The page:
Constitution of the Islamic Republic of Iran
Adopted October 24, 1979
The form of government of Iran is that of an Islamic Republic, endorsed by the people of Iran on the basis of their longstanding belief in the sovereignty of truth and Qur’anic justice, in the referendum of Farvardin 9 and 10 in the year 1358 of the solar Islamic calendar, corresponding to Jamadi al-‘Awwal 1 and 2 in the year 1399 of the lunar Islamic calendar (March 29 and 30, 1979], through the affirmative vote of a majority of 98.2% of eligible voters, held after the victorious Islamic Revolution led by the eminent marji’ al-taqlid, Ayatullah al-Uzma Imam Khumayni.
The Islamic Republic is a system based on belief in:
1- the One God (as stated in the phrase “There is no god except Allah”), His exclusive sovereignty and the right to legislate, and the necessity of submission to His commands;
2- Divine revelation and its fundamental role in setting forth the laws;
3- the return to God in the Hereafter, and the constructive role of this belief in the course of man’s ascent towards God;
4- the justice of God in creation and legislation;
5- continuous leadership (imamah) and perpetual guidance, and its fundamental role in ensuring the uninterrupted process of the revolution of Islam;
6- the exalted dignity and value of man, and his freedom coupled with responsibility before God; in which equity, justice, political, economic, social, and cultural independence, and national solidarity are secured by recourse to:
1- continuous ijtihad of the fuqaha’ possessing necessary qualifications, exercised on the basis off the Qur’an and the Sunnah of the Ma’sumun, upon all of whom be peace;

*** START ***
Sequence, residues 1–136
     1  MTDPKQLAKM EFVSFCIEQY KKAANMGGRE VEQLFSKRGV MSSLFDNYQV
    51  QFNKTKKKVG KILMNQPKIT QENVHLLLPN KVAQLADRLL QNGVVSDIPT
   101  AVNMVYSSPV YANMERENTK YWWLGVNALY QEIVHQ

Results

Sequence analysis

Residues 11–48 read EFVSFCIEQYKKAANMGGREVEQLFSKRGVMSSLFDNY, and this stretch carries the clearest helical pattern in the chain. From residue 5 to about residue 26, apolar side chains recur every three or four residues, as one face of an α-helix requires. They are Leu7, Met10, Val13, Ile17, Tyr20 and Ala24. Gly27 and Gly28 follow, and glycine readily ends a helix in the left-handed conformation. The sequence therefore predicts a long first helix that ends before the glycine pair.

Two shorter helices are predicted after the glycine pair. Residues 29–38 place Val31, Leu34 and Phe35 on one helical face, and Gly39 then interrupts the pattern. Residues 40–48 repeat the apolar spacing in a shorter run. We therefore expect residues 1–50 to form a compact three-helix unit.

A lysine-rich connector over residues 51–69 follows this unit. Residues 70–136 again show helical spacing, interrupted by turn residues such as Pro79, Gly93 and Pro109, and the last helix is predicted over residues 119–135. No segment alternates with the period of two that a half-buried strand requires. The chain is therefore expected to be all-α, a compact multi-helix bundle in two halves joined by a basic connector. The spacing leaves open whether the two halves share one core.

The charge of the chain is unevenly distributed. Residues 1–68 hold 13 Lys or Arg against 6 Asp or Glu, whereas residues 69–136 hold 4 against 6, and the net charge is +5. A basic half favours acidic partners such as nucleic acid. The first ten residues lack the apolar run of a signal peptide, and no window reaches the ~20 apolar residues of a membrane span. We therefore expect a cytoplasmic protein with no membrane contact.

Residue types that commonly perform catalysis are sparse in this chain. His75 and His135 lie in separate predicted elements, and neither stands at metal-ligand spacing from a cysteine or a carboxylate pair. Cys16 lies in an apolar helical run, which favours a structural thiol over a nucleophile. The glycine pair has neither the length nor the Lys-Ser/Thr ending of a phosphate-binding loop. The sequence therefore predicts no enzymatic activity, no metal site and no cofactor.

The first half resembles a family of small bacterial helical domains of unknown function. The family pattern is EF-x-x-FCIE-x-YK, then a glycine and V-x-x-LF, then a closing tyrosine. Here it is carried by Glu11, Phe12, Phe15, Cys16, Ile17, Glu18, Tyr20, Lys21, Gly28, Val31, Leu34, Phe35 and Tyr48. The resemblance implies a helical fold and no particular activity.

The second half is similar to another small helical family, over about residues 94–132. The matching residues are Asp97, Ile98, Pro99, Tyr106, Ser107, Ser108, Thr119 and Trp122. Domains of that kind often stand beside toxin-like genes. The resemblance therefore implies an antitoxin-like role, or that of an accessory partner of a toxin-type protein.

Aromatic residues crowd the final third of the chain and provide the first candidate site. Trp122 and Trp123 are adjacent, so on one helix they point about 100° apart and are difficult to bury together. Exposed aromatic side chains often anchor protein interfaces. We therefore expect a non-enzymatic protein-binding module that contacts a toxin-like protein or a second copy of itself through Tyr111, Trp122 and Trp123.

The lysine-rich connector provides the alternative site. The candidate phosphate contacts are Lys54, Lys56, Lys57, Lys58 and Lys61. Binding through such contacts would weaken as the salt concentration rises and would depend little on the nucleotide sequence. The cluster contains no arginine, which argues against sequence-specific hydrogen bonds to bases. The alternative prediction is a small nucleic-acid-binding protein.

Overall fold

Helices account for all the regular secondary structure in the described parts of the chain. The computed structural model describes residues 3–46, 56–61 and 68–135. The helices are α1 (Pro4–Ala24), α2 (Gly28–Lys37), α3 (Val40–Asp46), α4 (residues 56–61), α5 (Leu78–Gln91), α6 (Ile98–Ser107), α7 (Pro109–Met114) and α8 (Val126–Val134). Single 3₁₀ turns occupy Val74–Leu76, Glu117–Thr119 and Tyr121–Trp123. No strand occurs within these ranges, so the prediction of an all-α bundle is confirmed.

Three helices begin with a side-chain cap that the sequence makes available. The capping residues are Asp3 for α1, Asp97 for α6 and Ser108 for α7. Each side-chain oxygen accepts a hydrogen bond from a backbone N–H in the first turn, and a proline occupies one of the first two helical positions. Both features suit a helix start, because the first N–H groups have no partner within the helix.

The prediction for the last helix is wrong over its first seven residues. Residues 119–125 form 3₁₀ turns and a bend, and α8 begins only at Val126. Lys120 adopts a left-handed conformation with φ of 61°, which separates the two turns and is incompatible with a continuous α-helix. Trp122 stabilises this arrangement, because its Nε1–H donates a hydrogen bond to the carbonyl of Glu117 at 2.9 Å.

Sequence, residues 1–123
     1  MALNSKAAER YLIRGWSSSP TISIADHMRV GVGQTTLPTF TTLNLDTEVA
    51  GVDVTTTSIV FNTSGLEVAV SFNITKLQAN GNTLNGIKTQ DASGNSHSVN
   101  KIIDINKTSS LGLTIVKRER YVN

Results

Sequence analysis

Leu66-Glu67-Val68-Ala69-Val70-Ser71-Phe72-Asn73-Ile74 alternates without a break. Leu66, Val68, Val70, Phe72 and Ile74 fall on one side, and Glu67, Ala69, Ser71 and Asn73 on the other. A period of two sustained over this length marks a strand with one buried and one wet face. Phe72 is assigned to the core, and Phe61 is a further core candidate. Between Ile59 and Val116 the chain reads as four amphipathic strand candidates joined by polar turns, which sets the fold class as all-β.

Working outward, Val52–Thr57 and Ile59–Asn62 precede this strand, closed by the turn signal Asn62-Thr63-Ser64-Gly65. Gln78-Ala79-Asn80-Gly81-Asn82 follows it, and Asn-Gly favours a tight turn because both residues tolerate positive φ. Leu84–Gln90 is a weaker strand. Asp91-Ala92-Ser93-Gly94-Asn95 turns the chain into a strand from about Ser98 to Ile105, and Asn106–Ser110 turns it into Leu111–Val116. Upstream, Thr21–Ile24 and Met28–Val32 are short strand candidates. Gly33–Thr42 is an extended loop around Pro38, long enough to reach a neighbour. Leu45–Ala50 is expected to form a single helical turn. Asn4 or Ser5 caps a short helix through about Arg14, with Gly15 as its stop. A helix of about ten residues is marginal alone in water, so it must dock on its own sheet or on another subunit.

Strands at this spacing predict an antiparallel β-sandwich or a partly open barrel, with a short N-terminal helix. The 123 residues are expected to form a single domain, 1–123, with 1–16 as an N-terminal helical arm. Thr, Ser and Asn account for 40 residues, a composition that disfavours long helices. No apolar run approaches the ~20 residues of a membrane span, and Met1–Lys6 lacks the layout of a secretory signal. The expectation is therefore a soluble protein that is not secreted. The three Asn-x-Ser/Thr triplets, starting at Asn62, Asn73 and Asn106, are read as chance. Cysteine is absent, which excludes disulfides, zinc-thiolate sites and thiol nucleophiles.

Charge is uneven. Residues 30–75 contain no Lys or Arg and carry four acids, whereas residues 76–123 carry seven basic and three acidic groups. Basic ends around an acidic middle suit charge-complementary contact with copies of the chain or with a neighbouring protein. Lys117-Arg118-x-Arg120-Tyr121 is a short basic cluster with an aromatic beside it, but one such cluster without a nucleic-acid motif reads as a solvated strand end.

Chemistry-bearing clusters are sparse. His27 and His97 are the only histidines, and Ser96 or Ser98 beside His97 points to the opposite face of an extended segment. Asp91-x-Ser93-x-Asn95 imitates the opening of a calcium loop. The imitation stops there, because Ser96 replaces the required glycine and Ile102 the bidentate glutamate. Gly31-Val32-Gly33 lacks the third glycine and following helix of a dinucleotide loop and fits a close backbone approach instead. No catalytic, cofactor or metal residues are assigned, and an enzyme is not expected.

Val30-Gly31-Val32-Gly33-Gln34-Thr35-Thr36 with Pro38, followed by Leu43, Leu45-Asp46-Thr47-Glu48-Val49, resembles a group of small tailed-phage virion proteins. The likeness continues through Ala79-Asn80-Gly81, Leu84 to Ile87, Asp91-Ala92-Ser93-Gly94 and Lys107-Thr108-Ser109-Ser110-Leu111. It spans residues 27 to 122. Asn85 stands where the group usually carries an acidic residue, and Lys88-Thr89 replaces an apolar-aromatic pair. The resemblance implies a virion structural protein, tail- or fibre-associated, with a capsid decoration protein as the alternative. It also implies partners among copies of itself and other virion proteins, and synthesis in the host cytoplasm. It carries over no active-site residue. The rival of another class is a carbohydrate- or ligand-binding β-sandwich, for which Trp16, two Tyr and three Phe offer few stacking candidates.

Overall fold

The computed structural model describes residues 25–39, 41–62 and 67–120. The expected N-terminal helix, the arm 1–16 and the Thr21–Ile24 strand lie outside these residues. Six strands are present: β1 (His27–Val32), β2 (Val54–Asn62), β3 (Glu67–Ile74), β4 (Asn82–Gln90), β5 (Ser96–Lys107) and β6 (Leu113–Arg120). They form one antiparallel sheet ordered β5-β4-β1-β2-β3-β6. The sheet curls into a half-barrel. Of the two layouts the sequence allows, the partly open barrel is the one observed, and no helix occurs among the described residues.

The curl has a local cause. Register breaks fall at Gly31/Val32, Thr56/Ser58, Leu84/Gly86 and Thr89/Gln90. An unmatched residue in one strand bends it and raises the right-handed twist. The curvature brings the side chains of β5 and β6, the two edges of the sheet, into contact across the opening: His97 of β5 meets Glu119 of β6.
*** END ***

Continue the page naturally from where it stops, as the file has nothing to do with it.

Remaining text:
2- sciences and arts and the most advanced results of human experience, together with the effort to advance them further;
3- negation of all forms of oppression, both the infliction of and the submission to it, and of dominance, both its imposition and its acceptance.
In order to attain the objectives specified in Article 2, the government of the Islamic Republic of Iran has the duty of directing all its resources to the following goals:
1- The creation of a favorable environment for the growth of moral virtues based on faith and piety and the struggle against all forms of vice and corruption;
2- raising the level of public awareness in all areas, through the proper use of the press, mass media, and other means;
3- free education and physical training for everyone at all levels, and the facilitation and expansion of higher education;
4- strengthening the spirit of inquiry, investigation, and innovation in all areas of science, technology, and culture, as well as Islamic studies, by establishing research centers and encouraging researchers;
5- the complete elimination of imperialism and the prevention of foreign influence;
6- the elimination of all forms of despotism and autocracy and all attempts to monopolize power;
7- ensuring political and social freedoms within the framework of the law;
8- the participation of the entire people in determining their political, economic, social, and cultural destiny;
9- the abolition of all forms of undesirable discrimination and the provision of equitable opportunities for all, in both the material and intellectual spheres;
10- the creation of a correct administrative system and elimination of superfluous government organizations;